Tuesday, July 21, 2009

"In conservative Protestantism Romans 12:6 is viewed as the biblical reference for the term "analogy of the faith" (i.e., αναλογἰα τῆς πἰστεως). The Bible alone is considered the word of God and the only infallible standard for judging faith and practice;" - Rule of Faith, Wiki
I first encountered this understanding of Romans 12:6 in Allert's book and couldn't really argue with it.

But last night I read Kittel (scroll down to αναλογἰα ) and, clearly, it runs contrary.

Here's the key part:
The πίστις ("faith") which underlies this correspondence, however, is not the regula fidei of the objective content of Christian faith or the doctrine of faith. This is proved beyond dispute by the parallelism both of ἑκάστῳ ὡς ὁ θεὸς ἐμέρισεν μέτρον πίστεως ("as God has apportioned a measure of faith," v. 3) and of κατὰ τὴν χάριν τὴν δοθεῖσαν ἡμῖν ("according to the grace given to us," v. 6).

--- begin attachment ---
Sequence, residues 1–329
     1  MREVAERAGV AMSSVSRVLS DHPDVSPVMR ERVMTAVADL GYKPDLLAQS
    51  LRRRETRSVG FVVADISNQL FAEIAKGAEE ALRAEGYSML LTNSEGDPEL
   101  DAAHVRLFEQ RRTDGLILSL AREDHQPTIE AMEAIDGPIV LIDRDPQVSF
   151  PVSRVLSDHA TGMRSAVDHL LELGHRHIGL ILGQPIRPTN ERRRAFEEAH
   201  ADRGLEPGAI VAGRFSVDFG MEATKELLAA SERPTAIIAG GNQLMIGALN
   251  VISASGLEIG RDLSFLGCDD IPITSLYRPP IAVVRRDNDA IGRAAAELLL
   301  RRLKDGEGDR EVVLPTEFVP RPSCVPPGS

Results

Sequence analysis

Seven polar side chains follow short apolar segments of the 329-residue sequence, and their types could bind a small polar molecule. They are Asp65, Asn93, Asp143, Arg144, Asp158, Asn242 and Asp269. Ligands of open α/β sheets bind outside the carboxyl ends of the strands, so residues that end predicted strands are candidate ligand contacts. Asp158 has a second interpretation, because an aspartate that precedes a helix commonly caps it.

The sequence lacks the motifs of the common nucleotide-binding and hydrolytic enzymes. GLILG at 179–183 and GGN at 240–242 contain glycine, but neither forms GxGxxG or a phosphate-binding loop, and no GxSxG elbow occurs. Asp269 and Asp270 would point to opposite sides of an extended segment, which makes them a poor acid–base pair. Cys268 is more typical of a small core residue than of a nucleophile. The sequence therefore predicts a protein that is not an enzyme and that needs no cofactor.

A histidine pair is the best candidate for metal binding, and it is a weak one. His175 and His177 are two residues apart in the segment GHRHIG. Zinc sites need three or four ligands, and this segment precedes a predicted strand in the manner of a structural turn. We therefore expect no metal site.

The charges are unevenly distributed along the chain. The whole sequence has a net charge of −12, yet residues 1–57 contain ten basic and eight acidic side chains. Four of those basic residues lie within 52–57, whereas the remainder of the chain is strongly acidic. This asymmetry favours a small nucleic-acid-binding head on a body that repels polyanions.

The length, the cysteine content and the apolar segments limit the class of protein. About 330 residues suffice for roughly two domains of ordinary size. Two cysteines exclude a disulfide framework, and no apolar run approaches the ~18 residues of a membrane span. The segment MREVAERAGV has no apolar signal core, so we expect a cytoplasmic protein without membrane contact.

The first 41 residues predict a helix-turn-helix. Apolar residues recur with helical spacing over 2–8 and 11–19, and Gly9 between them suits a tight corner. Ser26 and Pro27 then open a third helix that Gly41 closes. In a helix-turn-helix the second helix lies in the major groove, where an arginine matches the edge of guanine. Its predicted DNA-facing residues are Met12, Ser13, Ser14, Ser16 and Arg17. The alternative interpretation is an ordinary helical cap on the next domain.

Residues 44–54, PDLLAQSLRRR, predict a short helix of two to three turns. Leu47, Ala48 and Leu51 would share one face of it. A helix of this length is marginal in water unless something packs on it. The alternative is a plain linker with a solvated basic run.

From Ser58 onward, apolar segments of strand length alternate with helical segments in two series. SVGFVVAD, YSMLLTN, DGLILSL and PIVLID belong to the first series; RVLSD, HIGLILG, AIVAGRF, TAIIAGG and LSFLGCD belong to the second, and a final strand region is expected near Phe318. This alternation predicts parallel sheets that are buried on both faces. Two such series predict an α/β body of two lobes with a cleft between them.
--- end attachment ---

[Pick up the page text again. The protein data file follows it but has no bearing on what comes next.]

Only the believer can exercise the χάρισμα ("gift"); the power of the χάρισμα ("gift") stands in αναλογἰα ("proportion") to the power of the faith appropriate to each. This is true of all χαρίσματα ("gifts"). But in others, e.g., the healing of the sick, the correspondence is externally visible, since the power of the χάρισμα ("gift") disappears with the cessation of faith. In the case of προφητεία ("prophecy"), however, which needs other special tests of its genuieness, there is the inherent temptation to exercise it without πίστις ("faith"). The reminder is thus needed that it is truly possible only κατὰ ἀναλογίαν πίστεως ("according to the proportion of faith").
Now I need to find Allert's book and look at it again. I also wish I'd seen this sooner.

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